Few could have guessed that with four rounds left to finish French Ligue 1, PSG would not be the leader of the competition. The almighty Parisian team sees the reissue of the league title in danger due to the spectacular season that Lille is doing, a historic reborn and eager to fight the hegemony of Neymar, Mbappé and company.
More than one will be surprised by the leadership of the northern French team, but the truth is that Lille is getting used to fighting with the biggest players. Last season they finished in fourth place (Ligue 1 was suspended due to the pandemic) and the previous one in second, surpassed only by PSG, but their history goes back much further.
Lille is a history of French football. The LOSC (Lille Olympique Sporting Club) was the result of the merger between Olympique Lillois and SC Fives in 1944. Since then, the Bulldogs, as they are popularly known, have won three league titles and six Cup titles.
The French team dreams of repeating the milestone of the 2010/11 season, when they were able to win the League-Cup double at the hand of Rudi Garcia, who led a young squad brimming with talent where names such as Eden featured. Hazard, Gervinho, Adil Rami or Yohan Cabaye.
From that moment, the northern team began a progressive decline motivated by the departure of its key players. The sale of its stars, mainly motivated to clean up a battered economy, caused the degeneration of a team that almost ended up losing the category in the 17/18 season, a season that began with Marcelo Bielsa on the bench.
But how do you explain the success you are having this season?
One of the keys to Lille is knowing how to move around the market. Finding young players with the potential to develop them and be able to sell them for a large sum of money is a model that has been very successful in recent seasons.
The millionaire sales of its footballers have set a tonic: Nicolás Pépé arrived for 10 million euros and went to Arsenal for 80 (record transfer), Rafael Leao landed free and left almost 30 'kilos' and 22.5 were paid for Victor Oshimen, who later left 70 million in the coffers.
These are some examples of the policy of Lille, which then reinvests part of the profit in more young talent, such as Jonathan David (the most expensive signing in the club's history, 27 million), Jonathan Ikoné, Jonathan Bamba or Timothy Weah.
In addition, the success in the incorporation of veterans at zero cost such as Burak Yilmaz (35 years) or José Fonte (37) is also part of this recent success.
As a consequence, this Lille that jeopardizes the supremacy of PSG does not reach an average of 25 years among its players.
Pragmatism by flag
The manager, Christophe Galtier, is undoubtedly one of the great keys to Lille's resurgence. The Frenchman is knowing how to make the most of the quality of his footballers to fight for the title. Also on a psychological level, as demonstrated by the mental strength when they recently came back from Olympique de Lyon (2-3) or beat PSG 0-1 away from home.
His arrival in 2018 was a breath of fresh air after the stage that he lived with Marcelo Bielsa, stopped in the middle of the season and after which a heart attack salvation was achieved.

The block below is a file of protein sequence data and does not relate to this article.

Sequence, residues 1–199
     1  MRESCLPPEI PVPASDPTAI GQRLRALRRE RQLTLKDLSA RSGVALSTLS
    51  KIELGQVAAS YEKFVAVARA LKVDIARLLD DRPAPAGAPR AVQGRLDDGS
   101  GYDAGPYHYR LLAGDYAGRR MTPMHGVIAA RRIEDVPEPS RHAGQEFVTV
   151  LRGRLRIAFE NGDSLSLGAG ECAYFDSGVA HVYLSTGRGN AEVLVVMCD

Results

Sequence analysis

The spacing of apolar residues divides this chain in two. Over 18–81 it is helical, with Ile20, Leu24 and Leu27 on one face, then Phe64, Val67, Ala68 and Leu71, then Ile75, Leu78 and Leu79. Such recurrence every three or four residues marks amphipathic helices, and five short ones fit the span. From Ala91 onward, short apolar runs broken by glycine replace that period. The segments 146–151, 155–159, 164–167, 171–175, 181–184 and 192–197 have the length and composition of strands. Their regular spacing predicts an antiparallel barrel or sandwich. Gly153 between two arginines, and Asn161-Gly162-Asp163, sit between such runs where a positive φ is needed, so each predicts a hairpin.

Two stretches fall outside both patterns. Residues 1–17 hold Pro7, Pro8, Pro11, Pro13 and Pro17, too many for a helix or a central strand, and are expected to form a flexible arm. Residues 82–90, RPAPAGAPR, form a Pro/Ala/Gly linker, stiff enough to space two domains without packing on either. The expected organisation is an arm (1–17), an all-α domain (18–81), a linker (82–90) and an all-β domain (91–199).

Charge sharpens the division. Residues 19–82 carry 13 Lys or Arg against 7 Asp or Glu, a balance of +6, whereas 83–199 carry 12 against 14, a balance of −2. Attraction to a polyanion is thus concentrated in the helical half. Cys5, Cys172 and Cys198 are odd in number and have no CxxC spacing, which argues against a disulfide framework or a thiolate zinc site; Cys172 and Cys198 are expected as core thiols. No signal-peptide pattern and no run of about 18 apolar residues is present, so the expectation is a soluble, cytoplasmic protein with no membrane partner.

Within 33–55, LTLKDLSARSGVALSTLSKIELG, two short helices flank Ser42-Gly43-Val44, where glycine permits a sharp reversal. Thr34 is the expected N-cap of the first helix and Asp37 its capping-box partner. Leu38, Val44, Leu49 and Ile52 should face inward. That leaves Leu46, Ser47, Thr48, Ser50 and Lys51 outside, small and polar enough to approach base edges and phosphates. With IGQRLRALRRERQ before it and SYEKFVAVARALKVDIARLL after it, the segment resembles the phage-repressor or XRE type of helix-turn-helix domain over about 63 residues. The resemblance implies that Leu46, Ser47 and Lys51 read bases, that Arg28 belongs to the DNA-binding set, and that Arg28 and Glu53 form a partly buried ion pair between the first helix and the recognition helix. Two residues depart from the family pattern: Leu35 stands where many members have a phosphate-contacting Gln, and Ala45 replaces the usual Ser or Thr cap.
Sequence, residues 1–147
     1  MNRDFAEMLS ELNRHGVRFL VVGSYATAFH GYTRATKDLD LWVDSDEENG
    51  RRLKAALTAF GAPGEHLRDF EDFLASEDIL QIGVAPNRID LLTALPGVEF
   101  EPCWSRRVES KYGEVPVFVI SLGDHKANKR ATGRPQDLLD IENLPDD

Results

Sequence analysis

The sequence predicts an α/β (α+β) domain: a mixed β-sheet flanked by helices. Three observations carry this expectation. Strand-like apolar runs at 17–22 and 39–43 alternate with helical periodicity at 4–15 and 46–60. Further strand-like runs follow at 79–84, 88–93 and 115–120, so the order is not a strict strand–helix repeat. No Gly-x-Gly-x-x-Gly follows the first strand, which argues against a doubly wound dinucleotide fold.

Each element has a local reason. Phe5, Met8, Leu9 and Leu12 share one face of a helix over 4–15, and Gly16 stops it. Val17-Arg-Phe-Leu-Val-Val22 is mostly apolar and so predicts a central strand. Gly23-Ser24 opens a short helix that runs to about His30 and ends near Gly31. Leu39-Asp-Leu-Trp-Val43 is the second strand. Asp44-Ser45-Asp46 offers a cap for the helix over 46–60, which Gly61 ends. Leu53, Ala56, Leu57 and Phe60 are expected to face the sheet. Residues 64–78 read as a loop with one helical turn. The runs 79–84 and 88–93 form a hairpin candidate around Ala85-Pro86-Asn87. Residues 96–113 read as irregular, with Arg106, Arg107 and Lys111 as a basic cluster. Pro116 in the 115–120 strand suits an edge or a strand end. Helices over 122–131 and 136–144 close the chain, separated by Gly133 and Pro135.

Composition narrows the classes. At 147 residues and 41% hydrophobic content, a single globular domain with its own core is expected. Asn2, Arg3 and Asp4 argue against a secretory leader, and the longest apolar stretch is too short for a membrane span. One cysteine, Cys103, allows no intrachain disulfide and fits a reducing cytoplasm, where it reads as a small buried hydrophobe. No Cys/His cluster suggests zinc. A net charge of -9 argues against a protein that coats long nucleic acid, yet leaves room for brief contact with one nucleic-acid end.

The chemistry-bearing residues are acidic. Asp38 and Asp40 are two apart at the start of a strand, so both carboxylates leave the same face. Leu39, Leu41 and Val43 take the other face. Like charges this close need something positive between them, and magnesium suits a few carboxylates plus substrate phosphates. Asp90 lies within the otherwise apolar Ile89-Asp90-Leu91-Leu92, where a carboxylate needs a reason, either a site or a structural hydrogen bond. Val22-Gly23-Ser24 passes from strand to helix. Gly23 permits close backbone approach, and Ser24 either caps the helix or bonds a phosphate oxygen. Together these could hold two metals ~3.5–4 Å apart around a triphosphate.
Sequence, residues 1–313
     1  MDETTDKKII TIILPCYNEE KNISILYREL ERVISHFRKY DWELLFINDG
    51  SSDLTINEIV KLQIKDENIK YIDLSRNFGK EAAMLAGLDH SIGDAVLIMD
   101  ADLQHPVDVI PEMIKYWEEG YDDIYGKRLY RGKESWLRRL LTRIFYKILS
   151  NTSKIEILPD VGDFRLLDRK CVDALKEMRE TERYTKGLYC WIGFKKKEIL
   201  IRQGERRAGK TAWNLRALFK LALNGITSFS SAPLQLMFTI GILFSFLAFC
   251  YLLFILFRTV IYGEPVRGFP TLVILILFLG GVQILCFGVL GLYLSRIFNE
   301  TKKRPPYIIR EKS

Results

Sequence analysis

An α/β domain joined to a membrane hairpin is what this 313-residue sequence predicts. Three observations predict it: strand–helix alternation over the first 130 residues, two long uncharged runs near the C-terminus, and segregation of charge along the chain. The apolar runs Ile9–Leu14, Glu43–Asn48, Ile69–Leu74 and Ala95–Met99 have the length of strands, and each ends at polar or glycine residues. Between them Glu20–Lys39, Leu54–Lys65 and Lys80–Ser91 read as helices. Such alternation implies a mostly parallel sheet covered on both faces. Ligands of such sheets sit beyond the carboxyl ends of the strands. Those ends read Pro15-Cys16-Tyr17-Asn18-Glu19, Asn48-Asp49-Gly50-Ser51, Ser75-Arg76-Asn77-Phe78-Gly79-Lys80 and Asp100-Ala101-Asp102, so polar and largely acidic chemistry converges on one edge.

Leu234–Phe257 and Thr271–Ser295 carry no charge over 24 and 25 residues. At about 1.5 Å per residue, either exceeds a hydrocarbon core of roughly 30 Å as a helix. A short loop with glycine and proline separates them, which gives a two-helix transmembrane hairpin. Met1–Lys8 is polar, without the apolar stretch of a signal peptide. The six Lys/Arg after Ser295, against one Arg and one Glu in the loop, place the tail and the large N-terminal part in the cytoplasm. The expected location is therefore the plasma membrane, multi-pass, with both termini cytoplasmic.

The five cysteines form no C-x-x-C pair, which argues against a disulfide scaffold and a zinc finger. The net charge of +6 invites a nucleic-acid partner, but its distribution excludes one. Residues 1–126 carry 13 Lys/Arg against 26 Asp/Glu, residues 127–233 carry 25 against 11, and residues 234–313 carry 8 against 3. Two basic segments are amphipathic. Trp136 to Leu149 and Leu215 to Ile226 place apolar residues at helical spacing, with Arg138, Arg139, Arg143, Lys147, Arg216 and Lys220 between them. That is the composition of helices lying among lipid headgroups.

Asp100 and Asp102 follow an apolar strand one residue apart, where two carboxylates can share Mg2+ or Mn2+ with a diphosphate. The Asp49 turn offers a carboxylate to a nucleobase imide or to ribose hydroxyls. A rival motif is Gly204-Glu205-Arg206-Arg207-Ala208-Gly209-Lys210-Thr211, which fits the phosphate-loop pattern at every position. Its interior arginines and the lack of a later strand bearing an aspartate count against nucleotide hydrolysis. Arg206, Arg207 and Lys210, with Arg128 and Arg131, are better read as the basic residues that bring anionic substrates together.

The Frenchman, a pragmatic technician where they exist, has known how to build a team that is difficult to sink your teeth into. In fact, Lille have the best defense in the championship and know how to exploit the speed of their attackers by going against them.
The hunger of young people to do something great, added to the claw and character that veterans like Yilmaz inject, is an ideal cocktail to challenge the millions of PSG.
Currently, Lille has a young, promising and ambitious squad. Galtier does not have a 'eleven' type and takes advantage of the versatility and characteristics of his players depending on the needs of each game.
Still, there are some key players, starting with the goal. Mike Maignan (25 years old) is an underdog. This season he has only conceded 22 goals and it sounds like Milan's future against Donnarumma's uncertain future.
Then there are the central pair, a mix of seniority and youth between José Fonte (37) and Sven Botman (20). The Turkish Zeki Celik (23) and the African Reinildo Mandava are the most used in the wings.
In the center of the field is where there is a greater rotation of players. Although Benjamin André (30) and Boubakary Soumaré (21) have recently formed in the so-called engine room, it is also common to see the Portuguese Xeca (26) and Renato Sanches (23), former Bayern Munich players, or Turkish Yusuf Yacici (23), author of 7 goals in Ligue 1 and as many in the Europa League.
At the extremes, Jonathan Bamba (24), Nanitamo Ikoné (22), Luiz Araújo (24) and Thimothy Weah (20), son of the mythical George Weah, are the ones who share the minutes of the game.
At the tip of the attack there is also rotation. The Canadian Jonathan David (20), the most expensive signing in the club's history (27 million) and Burak Yilmaz (36) are the ones who have played the most, but it is common to see them accompanied by a band player like Weah or Ikoné himself.
Recent club sale
Despite the great financial gain of the bulldogs in their transfer policy, Lille continues to carry a large debt that last December led to the sale of the club. The until then owner, the Hispano-Luxembourgish Gerard López, in turn owner of the Lotus team in F1, got rid of his shares in favor of the Merlyn Partners fund, also from Luxembourg. Thus, Olivier Létang is the one who now holds the position of president.
During his tenure (which began in January 2017), López was attended by former FC Barcelona director Marc Ingla, who at the end of last year decided to resign.